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January 17, 2017

Making Mindfulness a Part of the Organization

By Special Guest
Salil Godika, Co-founder, Chief Marketing & Strategy Officer, Industry Group Head at Happiest Minds Technologies

How can mindfulness be made pervasive in an organization?  How do we make it tangible to employees, customers, investors and the larger eco-system?  Mindfulness is an approach but it has to be integrated with tools, process, and people training so that it is embedded in the organization.  In this article we will explore some of the ways in which an organization can become more mindful.

Active Listening

Active listening is a communication technique that makes sure the listener is fully focused and listening.  Often, listeners are not fully there – their minds are preoccupied with other matters.  This technique teaches you the art of truly listening and absorbing information.  It can be taught and is a valuable tool for roles such as sales, consulting, delivery and HR.  When your people truly listen to each other and to customers so much value can be discovered in terms of opportunities and unstated needs.

Design Thinking

Creative leadership isn’t about leaders simply becoming more creative. It’s about individuals leading for creativity. That means you, as a leader,

Salil Godika, 
Happiest Minds Technologies

must unlock the creative potential of your organization, no matter the industry. It’s your job to set the conditions for your organization to generate, embrace, and execute new ideas. It’s a competitive imperative that will keep you ahead in the marketplace, according to Tim Brown, CEO & President, IDEO.

Design thinking is a process, a way to create new ideas and solve problems.  It is a way in which you look at questions and take a 360 degree look at problems.  The engineering approach, on the other hand, is to look at an answer and then break it up into its constituent elements and look at ways to do it better.

IT service organizations need an engineering mindset but it has to be coupled with design thinking for those clients seeking true transformation, or answers to problems that have not yet been defined or framed.

Value-based delivery

Breaking up a larger problem into smaller deliverables allows a better focus on the present.  The shift from thinking about the inputs or raw material to tangible outputs also causes a greater feeling of fulfillment as both the client and the delivery organization can see progress in real business terms.  This requires a transition from a time and material model of operation to one which is based on output and the value created.  Internally, it pushes the team to focus on the continuous delivery of value, and from an external perspective there is greater appreciation for the work that is ongoing.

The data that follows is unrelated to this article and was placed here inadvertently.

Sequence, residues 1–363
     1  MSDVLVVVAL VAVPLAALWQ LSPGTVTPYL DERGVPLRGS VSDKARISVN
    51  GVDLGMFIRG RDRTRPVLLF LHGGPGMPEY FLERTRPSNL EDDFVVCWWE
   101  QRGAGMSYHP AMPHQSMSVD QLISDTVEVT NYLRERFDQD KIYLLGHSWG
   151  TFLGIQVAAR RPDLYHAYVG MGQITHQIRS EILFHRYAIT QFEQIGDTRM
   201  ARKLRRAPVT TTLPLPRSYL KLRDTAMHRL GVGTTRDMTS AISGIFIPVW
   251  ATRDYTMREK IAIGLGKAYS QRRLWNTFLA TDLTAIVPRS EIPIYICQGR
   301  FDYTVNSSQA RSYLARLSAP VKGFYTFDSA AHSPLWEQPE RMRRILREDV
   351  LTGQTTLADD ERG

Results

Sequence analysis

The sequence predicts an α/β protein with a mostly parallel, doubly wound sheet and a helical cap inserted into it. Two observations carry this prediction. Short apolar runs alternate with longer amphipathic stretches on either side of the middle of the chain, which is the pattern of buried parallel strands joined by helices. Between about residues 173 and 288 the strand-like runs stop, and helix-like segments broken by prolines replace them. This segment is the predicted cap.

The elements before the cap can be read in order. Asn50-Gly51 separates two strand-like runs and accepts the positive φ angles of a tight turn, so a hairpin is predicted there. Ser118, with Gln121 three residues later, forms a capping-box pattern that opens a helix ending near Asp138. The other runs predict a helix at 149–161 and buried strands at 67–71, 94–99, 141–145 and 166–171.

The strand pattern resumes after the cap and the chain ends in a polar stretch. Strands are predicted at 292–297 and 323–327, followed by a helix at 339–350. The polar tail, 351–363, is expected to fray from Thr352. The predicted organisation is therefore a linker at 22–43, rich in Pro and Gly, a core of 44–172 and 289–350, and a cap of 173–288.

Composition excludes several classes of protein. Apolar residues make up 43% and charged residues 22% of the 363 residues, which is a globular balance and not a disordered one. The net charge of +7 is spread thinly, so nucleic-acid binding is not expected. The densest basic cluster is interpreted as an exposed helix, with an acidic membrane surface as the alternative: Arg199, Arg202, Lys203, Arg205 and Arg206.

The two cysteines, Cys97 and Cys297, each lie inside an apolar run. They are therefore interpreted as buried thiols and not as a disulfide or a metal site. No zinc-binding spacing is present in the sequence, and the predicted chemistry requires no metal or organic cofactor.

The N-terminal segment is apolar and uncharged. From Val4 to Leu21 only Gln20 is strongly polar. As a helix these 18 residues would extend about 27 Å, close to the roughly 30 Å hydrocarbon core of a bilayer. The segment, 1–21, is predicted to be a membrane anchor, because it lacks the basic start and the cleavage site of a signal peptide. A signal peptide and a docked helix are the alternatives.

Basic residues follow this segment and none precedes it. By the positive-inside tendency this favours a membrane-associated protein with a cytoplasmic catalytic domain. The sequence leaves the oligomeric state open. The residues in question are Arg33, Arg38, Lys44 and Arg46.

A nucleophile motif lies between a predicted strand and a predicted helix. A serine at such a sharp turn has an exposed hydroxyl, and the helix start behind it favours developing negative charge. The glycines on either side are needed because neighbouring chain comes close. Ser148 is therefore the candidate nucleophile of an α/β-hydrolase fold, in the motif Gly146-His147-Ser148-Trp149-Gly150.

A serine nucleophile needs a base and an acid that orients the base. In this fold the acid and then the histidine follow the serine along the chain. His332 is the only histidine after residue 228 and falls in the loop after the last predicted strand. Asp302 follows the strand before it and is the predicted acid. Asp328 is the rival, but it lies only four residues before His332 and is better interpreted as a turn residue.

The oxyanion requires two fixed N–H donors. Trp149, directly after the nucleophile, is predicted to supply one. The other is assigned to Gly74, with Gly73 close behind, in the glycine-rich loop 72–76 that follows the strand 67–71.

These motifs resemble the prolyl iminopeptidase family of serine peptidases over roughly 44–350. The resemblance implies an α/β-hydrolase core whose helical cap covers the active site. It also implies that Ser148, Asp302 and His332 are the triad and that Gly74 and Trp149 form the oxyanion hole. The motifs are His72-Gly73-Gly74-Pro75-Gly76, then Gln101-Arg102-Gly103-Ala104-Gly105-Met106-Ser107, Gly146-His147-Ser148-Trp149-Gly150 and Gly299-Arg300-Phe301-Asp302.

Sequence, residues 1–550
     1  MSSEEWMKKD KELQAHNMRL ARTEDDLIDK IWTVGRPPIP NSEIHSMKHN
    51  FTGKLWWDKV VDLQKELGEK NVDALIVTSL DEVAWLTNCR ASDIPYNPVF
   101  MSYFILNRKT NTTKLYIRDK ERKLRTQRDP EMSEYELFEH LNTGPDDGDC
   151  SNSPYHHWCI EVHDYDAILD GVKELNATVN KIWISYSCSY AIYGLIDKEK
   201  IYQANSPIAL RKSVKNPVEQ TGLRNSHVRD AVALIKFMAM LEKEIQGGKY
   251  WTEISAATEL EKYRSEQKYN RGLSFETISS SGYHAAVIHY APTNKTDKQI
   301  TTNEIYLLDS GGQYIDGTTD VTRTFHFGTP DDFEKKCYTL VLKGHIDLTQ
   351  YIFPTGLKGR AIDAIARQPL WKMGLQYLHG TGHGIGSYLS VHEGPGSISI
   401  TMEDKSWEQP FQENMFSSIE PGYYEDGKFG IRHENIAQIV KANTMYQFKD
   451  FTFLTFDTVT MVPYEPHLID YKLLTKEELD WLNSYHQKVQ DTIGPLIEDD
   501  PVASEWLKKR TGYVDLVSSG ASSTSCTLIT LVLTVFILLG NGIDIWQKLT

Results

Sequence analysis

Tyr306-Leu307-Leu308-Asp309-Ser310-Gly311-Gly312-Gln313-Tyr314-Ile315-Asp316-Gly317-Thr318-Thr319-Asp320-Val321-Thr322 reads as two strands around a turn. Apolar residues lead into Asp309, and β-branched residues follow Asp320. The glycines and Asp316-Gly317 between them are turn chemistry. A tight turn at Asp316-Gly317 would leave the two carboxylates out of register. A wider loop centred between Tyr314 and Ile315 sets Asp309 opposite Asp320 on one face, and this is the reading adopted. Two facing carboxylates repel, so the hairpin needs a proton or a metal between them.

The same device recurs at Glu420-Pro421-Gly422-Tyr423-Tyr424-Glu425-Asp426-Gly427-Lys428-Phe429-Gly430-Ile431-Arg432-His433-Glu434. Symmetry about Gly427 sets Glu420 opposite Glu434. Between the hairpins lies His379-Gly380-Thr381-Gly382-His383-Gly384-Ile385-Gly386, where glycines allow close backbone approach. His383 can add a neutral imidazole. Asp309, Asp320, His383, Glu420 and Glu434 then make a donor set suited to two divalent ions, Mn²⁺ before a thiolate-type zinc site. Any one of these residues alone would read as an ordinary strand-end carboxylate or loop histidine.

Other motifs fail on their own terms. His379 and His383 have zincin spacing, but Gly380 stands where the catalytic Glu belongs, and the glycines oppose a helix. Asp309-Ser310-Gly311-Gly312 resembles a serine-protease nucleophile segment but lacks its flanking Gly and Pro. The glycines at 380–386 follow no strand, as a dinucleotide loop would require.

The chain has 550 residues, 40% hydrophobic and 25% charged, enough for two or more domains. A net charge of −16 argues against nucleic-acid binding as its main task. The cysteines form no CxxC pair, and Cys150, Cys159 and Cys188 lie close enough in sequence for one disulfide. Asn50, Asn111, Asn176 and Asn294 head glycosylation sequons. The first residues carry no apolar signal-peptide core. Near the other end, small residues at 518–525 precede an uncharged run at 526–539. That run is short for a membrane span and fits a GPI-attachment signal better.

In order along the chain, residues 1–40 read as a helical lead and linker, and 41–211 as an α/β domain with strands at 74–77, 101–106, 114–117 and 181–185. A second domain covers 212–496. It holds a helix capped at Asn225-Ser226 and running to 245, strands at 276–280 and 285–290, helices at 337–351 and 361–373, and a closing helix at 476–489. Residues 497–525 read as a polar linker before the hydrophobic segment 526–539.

Mindfulness

As a mindful organization, it is important to consider the entire stakeholder eco-system when looking at the impact of any initiative.  So while a new facility may provide employment, you must also look at its environmental impact and how that can be minimized through technology or better building techniques. 

Any activity that has an employee impact – positive or negative – needs to be approached empathetically.  Leadership may ‘shadow’ team members to get a first-hand user perspective.

Large organizations consume large quantities of resources; it is important that they view this consumption through an environmental lens so they can be more mindful of its usage and disposal. 

Creating an environment for mindfulness

Mindfulness cannot take root overnight.  It requires training, reinforcement and a safe environment in which it can be practiced.  An organization-wide initiative will require a combination of both one-time intensive training as well as ongoing learning that can be self-paced or opted for in smaller groups.

Once team members understand the principles of mindfulness at the individual level, they need to be introduced to the tools, techniques and processes that the organization has put in place for its implementation.  This in turn must be linked to the company’s reward and recognition system.

The internal adoption of mindfulness is an organic process, and one that may take time, perhaps up to a year.  While this is in progress, organizations may also consider putting architectural changes in place that will benefit this process—quiet rooms, meditation corners, etc.  When the internal adoption is deemed complete, customers and other stakeholders will need to be informed about the changes and benefits they can expect.

Organizational mindfulness is a combination of individual, organizational and structural change that needs to be approached as a long-term transformation.




Edited by Alicia Young
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